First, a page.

How to see the Northern Lights in Iceland, Norway and Sweden this winter

As the sun approaches the peak in its 11-year cycle, auroradisplays promise to be more dazzling if you go north to Scandinavia – and there are plenty of options, says Sarah Marshall

Now the days are shrinking and darkness has descended in the northern hemisphere, chances of seeing the aurora borealis are increasing – and shows look set to be some of the best in a while.

Every 11 years, the sun’s poles reverse, causing bursts of solar activity resulting in northern lights. Scientists predict the next solar maximum will occur at the end of 2024, meaning the next few years will be a time for the lights to shine.

Hide Ad
Hide Ad

Already, the aurora has been seen as far south as Scotland, and early season autumn trips to Scandinavia and the Nordics are growing in popularity.

The Northern Lights.Photo credit: Alamy/PAThe Northern Lights.Photo credit: Alamy/PA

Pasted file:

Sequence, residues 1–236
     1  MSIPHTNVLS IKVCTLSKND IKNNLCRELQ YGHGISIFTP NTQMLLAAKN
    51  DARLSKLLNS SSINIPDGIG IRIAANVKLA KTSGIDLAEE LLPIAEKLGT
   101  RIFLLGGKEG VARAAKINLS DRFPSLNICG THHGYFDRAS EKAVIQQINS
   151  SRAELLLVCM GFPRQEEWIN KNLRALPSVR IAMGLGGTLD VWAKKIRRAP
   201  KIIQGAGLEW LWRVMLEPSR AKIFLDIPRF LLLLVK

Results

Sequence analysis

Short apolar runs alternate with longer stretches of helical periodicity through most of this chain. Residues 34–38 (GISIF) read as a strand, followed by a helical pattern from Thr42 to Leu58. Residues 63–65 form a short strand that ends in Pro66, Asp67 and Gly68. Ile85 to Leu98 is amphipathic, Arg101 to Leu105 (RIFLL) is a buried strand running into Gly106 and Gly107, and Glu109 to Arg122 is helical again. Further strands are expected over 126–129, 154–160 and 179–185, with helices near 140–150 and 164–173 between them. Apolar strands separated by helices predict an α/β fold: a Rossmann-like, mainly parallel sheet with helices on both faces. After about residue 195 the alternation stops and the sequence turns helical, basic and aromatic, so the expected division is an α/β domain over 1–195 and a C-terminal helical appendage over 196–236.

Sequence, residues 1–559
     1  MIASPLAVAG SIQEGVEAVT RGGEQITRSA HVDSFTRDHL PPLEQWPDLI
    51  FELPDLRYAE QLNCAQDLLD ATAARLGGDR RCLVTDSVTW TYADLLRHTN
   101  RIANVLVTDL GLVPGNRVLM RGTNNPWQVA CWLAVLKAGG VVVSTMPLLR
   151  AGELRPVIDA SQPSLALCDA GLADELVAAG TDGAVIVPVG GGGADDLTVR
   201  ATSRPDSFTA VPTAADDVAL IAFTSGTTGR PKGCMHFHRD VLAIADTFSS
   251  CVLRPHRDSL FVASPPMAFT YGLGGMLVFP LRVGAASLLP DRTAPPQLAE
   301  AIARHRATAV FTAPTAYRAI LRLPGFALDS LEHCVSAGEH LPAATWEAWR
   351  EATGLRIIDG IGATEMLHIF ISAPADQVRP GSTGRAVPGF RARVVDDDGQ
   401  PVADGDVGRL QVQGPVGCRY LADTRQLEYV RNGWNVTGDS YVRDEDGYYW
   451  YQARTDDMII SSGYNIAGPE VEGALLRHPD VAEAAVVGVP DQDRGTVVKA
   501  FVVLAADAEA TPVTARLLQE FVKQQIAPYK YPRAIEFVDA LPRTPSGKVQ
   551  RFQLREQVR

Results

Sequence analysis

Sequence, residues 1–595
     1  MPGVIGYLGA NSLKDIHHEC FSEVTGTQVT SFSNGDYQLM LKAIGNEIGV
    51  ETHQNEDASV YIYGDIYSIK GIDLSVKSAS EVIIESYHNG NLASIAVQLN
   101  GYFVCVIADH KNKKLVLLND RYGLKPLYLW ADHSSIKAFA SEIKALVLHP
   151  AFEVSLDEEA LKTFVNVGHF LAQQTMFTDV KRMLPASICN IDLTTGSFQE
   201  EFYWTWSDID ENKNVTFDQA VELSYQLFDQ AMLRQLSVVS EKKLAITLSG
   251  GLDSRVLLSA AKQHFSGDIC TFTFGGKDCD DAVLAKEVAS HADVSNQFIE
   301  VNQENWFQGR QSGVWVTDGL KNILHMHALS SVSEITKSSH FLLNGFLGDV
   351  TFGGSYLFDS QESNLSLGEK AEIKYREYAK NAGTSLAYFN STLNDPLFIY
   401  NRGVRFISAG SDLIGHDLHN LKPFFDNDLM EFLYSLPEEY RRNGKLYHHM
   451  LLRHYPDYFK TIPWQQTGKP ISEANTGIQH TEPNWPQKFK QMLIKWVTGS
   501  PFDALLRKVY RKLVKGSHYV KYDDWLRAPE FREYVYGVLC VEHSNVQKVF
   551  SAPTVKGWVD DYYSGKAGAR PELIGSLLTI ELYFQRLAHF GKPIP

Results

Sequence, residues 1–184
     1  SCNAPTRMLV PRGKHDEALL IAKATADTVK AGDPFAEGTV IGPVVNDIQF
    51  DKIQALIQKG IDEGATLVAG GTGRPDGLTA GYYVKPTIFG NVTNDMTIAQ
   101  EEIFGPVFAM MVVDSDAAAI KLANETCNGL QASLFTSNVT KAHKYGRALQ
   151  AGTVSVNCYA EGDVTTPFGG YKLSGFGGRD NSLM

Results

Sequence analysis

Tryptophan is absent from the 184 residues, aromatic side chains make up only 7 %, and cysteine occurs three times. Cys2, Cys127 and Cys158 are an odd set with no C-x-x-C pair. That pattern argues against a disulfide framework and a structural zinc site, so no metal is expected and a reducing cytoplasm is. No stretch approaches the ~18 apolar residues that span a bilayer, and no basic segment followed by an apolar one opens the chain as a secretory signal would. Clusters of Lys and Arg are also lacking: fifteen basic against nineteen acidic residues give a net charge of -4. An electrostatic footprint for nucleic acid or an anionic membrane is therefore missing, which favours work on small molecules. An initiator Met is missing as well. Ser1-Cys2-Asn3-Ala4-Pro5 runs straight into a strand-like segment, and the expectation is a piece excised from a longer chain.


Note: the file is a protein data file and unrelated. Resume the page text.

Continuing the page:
The Northern Lights.Photo credit: Alamy/PA

“We have seen in excess of a 10% increase post-pandemic, where people have specifically enquired about an autumn aurora break and are booking,” says Sue McAlinden from specialist operator Best Served Scandinavia, who lists warmer weather and less crowds as two key advantages to travelling at this time of year.

Of course, every season has its charm and winter breaks also have their appeal, offering a chance to husky or reindeer ride through landscapes blanketed in white. Whenever you choose to travel, here are a few good options to consider…

Few things can be more romantic than snuggling up with a loved one on a cold night. Despite being in Rovaniemi – the undisputed home of Santa – the adults-only Beana Laponia hotel is a gift for couples.

Hide Ad
Hide Ad

Bathe in a hot tub surrounded by a snowy landscape or sizzle in a sauna before cooling down by rolling in the snow. The hotel also has its own husky farm where it’s possible to play with the excitable sled dogs.